The biggest risk associated with PAM is that these accounts are often built into the underlying infrastructure, created at installation time. The non-practical option is often to disable as many of the high permission accounts as possible without impacting service. The second biggest risk with privileged accounts is that many are used programatically, hard-coded into scripts and code. This can make finding the password a lot easier. These accounts will often have permissions covering account CRUD activities, audit configuration and other meta-data related tasks.
Privileged account users are generally part of the system or security administration functions reporting into the CISO or CTO. Whilst the permissions are required for the owners to be able to perform their jobs, working in teams that configure and manage the auditing and reporting infrastructure, makes identifying and managing anomalous access issues time consuming, complex and at times political.
The accounts that are required, need to be managed effectively. That means strict correlation between the account and a tangible user record for accountability. Firstly, though, you need to be able to identify and analyse the privileged accounts and understand what accounts have access to which systems. The following is an example of a basic PAM policy:
- Infrastructure level complex password policies in place
- Expiring passwords, lockout and restricted time logons
- Accounts should be disabled when not in use
- Service accounts should be managed with generated passwords where ever possible or longer length pass-phrases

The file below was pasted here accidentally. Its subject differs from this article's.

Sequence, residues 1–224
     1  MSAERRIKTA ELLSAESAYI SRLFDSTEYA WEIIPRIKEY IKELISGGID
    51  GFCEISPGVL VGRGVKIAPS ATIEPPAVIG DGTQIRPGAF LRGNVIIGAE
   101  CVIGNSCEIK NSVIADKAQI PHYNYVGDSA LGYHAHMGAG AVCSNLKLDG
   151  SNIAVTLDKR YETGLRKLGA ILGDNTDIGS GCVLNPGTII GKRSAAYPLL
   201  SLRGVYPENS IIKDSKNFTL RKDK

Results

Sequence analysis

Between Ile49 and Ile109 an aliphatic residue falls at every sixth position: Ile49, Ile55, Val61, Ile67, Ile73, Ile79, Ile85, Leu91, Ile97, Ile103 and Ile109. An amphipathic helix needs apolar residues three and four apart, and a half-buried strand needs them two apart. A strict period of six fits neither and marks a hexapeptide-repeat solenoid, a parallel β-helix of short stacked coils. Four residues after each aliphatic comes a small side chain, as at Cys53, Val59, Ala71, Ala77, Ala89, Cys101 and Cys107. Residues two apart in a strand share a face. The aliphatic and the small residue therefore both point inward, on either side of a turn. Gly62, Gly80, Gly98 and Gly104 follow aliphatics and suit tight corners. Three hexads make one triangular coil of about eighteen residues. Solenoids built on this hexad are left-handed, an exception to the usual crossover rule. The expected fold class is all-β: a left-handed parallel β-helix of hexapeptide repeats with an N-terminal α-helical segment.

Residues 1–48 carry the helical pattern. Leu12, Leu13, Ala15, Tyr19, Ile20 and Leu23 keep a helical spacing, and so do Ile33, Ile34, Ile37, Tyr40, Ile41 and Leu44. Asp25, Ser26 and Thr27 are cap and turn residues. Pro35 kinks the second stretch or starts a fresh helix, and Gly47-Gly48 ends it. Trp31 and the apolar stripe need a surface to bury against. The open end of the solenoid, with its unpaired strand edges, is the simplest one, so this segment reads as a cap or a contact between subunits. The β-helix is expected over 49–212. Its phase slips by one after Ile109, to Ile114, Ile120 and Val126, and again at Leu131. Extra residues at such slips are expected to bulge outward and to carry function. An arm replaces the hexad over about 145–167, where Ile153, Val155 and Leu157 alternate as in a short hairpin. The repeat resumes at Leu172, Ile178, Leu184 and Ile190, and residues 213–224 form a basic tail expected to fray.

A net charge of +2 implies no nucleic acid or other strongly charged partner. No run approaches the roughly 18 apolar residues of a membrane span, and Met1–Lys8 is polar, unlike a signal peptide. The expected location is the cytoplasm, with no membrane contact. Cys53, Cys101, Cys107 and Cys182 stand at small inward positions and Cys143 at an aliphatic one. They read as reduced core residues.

- Associated entitlements must be documented via access control and subsequent approval
- Account names should be renamed from defaults and well described in secure documentation
Privileged accounts by association are internal to the corporate network. Their use is expected and activities by the accounts is not in itself cause for concern. However, due to the 'keys to the castle' nature of the permissions associated with these accounts, detecting anomalous and malicious use needs to be done quickly with an effective response. Anomalous use doesn't always have to be done by users outside to the organisation. Anomalous use could also arise from an employee with authorised access to use the account, but using the account to view data, change processes and perform operations at a time or location that could lead to a security breach. Identifying any potential use requires detailed and accurate logging either via the proprietary system accounting or via a centralised System Information & Event Management solution. A centralised view is important, but also removing the potential for false positives is also key.
The use of behavioural profilers can assist in identifying how privileged accounts are being used and which activities are deemed to be anomalous or malicious. Behaviour can include which workstation is using the account, which network segment, the time of day, against which network device, file, object or process the account is being used. All of which help develop a picture of expected account behaviour, which helps to reduce the noise often created by viewing the logs of every account transaction. Spikes of suspicious use are then easier to spot and can be managed via the appropriate case workflow, notification and escalation processes to quickly track and resolve the potential breach.
Privileged accounts are here to stay so better ways of managing and reducing the risk their can pose is imperative if compliance and security efficiencies are to be achieved.